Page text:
On last moments with Mac Miller and not regrets:
“We were in the recording studio and he had a party pack, which is every kind of drug you can take and it’s in a pack or a box or whatever. He pulls out this box and pops a couple of things and offers me some coke. If I could turn back the hands of time, I would have snatched that box. I know he probably would have tried to fight me (laugh), but I would have snatched that box and dumped it in the toilet, and flushed it. I knew Mac Miller when he was, like, 17. I threw his 18th birthday party at my studio. He was like a little brother to me. I hated to see him do that. He was around 25 or 26 before he passed, so he was a grown-ass man. I saw what he was doing. I didn’t say anything. I just told him, “I’m cool, I’m straight. Let’s just finish the music.” I swear, if I could turn back the hands of time, I would have snatched that box and thrown that box across the street, and said, ‘Look, get mad if you want, but I love you. I want to see you alive. Let’s talk. Let me tell you some stories about my drug use. Let me tell you some stories about growing up and Three 6 Mafia and the whole Memphis scene, and what I went through and how things can turn up if you do the wrong drug or you overdose.’ I wish I could.”
On suspecting the late Notorious B.I.G. and Diddy of stealing his original stage name, ‘Notorious Juicy J,’ and his sample of Mtume’s Juicy Fruit on his early ‘90s mixtape:
“[Diddy] produced that track [for Biggie]. I don’t know. I’m not saying that they did. When you are a young person, because I was like 18 or 19, you are always going to think, ‘Someone is stealing my stuff.’ Even if that is not the case, because keep in mind that song was out before I created my [original] name (Notorious Juicy J). That song, (Mtume’s Juicy Fruit), had been pretty much out. I just liked the song and thought, ‘My name is Juicy J and I’m going to scratch this song.’ When you are trying to create something you feel is yours and is your own, and you hear somebody do it, that’s why I took ‘Notorious’ off of my name. When I heard that I said, ‘Ugh, scratch Notorious. I’m just going by Juicy J.’”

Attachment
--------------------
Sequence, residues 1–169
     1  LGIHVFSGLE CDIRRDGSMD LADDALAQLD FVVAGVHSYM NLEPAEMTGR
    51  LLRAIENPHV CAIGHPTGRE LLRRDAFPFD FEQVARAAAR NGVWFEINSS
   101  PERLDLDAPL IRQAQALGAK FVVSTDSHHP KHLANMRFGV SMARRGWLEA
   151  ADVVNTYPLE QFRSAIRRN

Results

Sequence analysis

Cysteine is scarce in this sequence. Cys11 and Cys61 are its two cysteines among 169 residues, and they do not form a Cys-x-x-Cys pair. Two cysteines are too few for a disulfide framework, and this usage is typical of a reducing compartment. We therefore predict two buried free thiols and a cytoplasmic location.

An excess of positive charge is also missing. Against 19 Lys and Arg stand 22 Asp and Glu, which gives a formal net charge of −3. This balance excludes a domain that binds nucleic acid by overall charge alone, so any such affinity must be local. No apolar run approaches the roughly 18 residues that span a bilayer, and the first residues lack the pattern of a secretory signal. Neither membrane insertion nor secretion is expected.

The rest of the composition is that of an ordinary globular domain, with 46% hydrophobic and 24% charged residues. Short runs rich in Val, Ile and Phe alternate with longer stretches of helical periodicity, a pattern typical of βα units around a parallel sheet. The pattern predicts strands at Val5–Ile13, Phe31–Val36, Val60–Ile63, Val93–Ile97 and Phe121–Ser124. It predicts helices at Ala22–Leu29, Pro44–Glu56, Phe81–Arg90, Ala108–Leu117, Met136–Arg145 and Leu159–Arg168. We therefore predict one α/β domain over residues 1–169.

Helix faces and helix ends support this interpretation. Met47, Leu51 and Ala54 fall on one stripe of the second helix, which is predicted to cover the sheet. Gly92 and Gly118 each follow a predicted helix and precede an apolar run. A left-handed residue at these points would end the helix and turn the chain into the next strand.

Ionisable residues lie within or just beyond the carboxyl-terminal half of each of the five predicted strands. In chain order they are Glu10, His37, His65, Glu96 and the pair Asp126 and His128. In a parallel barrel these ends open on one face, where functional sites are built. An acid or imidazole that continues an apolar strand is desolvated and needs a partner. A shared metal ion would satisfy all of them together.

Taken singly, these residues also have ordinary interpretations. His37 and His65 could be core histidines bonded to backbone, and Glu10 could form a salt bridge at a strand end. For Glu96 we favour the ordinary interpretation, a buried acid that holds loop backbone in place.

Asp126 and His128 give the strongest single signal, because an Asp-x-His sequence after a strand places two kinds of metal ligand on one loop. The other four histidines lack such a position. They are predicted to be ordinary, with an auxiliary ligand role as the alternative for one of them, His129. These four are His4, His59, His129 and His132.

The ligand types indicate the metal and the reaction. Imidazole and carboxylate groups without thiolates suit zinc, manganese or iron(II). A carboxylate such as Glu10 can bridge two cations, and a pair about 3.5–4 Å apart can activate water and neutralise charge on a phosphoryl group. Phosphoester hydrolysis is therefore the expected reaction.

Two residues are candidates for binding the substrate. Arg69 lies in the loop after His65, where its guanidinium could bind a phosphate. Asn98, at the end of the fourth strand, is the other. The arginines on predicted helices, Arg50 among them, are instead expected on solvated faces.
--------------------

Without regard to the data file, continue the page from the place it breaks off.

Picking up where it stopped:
“I’m just speaking my truth and how I felt when I was a young kid. But the older I got I thought, ‘Maybe I could be exaggerating.’ I will say this. Memphis has a big sound. We’ve been making noise since the early ‘90s. There are a lot of people that took certain things, which I don’t really care. To me that is just petty, but it happens. The Crunk music, a lot of people ran off with that, but whatever. I look at things in life like if someone is going to take stuff from you, that means you are doing something good. If they are going to steal a style or a flow, I can make another flow. I’m super talented and can make another flow, another beat, or whatever. But when I was young, I thought, ‘This N*gga is stealing my shit.’”
On how ABC executives treated Three 6 Mafia at the 2006 Oscars rehearsal and ceremony:
“A lot of people in Hollywood judged us. They judged the shit out of us though. They looked at our lyrics, they thought about the name Three 6 Mafia, they called us “Devil Worshipers” when we were out there trying to rehearse [for the Oscars ceremony]. At the time, all of these people from ABC walked in, about 30 people, and everything we did, they wrote it down. If we moved a microphone, they wrote that down. They were so nervous and they kept saying, ‘Don’t cuss. Don’t cuss.’ Even though we didn’t cuss, they still bleeped us out because they thought we cussed. We were professional. We came in ready to rock the house. We were the first rap group to ever perform at the Oscars, and we were super excited and focused. We didn’t come in all high and drugged up. All the producers behind the scenes were loving it. They said, ‘You guys are really cool. I thought you were going to be some crazy rap group coming in with guns out, but you guys are really professional and smart at this young age.”